This is a brand new Big Brother scare going viral as Microsoft’s Skype has been accused of spying on users. As bloggers and hackers warn, it might just be that Skype has fallen into FBI’s pressure to support the Communications Assistance for Law Enforcement Act.
Back in May, Microsoft’s Skype announced it was making some changes. It was nothing of huge interest to the average user. Just things like moving Skype to Linux-based servers and changing how Skype routes calls. But over the past few weeks, bloggers and hackers grew concerned Skype might be spying on users’ video calls.
Why would Microsoft do that you ask? The FBI has been putting a lot of pressure on Skype and other online services to back them up and give law enforcement access to users’ data based on court or governmental orders. You’d think it’s only Big Brother paranoia, but a reporter from “Slate” pressured Skype into answering the rumors about it spying its users.
The answer Slate got wasn’t all that soothing to begin with. In fact, it only sparked more controversy among bloggers and hackers. The company said it “co-operates with law enforcement agencies as much as is legally and technically possible”. Hm…this statement does not go well with a previous one reading Skype’s “peer-to-peer architecture and encryption techniques” make it impossible for someone to eavesdrop on your private calls.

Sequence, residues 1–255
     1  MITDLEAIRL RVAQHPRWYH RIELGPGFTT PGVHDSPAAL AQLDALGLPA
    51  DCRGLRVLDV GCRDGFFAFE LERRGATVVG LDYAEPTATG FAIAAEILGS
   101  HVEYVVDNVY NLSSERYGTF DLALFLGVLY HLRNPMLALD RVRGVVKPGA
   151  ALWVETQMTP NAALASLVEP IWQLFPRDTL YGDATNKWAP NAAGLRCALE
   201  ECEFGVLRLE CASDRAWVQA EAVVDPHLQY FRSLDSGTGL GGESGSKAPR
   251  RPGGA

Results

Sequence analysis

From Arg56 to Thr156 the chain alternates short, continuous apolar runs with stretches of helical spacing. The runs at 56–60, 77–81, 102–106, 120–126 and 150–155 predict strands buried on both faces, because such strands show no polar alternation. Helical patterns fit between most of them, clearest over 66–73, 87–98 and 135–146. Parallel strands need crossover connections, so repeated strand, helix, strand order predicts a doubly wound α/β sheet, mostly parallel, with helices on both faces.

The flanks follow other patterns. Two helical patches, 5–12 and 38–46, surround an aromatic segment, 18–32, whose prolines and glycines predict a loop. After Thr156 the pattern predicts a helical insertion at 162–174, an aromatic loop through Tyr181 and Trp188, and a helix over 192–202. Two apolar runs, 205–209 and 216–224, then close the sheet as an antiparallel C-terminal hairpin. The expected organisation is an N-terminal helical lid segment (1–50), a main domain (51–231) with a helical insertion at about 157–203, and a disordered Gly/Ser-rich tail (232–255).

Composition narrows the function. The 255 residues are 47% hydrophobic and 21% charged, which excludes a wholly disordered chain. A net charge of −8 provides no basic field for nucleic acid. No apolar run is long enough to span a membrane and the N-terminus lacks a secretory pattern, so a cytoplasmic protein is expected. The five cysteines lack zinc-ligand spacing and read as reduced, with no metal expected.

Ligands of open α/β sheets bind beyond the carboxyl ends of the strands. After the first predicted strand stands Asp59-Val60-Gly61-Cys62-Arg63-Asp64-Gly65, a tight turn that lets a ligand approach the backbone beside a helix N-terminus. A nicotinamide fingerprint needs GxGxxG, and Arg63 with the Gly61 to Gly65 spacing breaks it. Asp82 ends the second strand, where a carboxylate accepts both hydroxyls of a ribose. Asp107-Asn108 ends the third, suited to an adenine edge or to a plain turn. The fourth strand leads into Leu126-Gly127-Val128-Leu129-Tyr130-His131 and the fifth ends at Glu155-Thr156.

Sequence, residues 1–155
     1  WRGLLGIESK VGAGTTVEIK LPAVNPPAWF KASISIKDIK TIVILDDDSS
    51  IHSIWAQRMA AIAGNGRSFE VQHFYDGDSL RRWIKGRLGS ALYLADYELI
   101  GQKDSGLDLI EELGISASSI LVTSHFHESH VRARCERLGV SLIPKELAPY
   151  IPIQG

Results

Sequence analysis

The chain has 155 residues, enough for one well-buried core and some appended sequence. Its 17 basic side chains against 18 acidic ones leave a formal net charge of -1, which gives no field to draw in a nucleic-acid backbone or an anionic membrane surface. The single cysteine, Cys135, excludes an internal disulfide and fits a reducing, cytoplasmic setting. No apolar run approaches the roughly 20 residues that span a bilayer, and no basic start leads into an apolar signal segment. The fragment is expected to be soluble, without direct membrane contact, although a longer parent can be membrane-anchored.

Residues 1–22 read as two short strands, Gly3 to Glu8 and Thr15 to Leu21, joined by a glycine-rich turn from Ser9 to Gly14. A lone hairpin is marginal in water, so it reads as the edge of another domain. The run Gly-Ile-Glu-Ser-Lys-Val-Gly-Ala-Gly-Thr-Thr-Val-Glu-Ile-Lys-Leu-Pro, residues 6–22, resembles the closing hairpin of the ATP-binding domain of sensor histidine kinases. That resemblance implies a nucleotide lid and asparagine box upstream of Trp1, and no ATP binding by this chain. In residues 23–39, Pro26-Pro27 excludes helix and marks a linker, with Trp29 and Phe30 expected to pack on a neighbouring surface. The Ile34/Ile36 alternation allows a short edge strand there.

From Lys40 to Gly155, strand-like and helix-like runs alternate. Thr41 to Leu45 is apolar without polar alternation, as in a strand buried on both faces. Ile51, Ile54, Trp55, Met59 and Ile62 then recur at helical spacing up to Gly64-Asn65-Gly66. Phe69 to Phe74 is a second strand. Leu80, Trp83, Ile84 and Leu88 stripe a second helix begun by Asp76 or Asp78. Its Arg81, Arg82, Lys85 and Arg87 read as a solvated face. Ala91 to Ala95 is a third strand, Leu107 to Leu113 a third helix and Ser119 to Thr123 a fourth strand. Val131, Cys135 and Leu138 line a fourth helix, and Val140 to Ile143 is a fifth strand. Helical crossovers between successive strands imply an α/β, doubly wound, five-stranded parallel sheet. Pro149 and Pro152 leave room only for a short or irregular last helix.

So, how would Skype spy on you? Tim Verry with Extreme Tech explained in a post published last week it would involve the use of supernodes. These are third-party computers that are used by Microsoft in routing calls and are making it easier for law enforcement to monitor your calls.
“In this way, the actual voice data would pass through the monitored servers and the call is no longer secure” explained Tim Verry. “It is essentially a man-in-the-middle attack, and it is made all the easier because Microsoft – who owns Skype and knows the keys used for the service’s encryption – is helping” he added.
Skype spokesman Chaim Haas talked about the use of supernodes in a brief interview with CNN. He avoided however to answer whether supernodes could allow Skype to spy on and record your calls.
“As part of our ongoing commitment to continually improve the Skype user experience, we developed supernodes, which can be located on dedicated servers within secure datacenters” he said.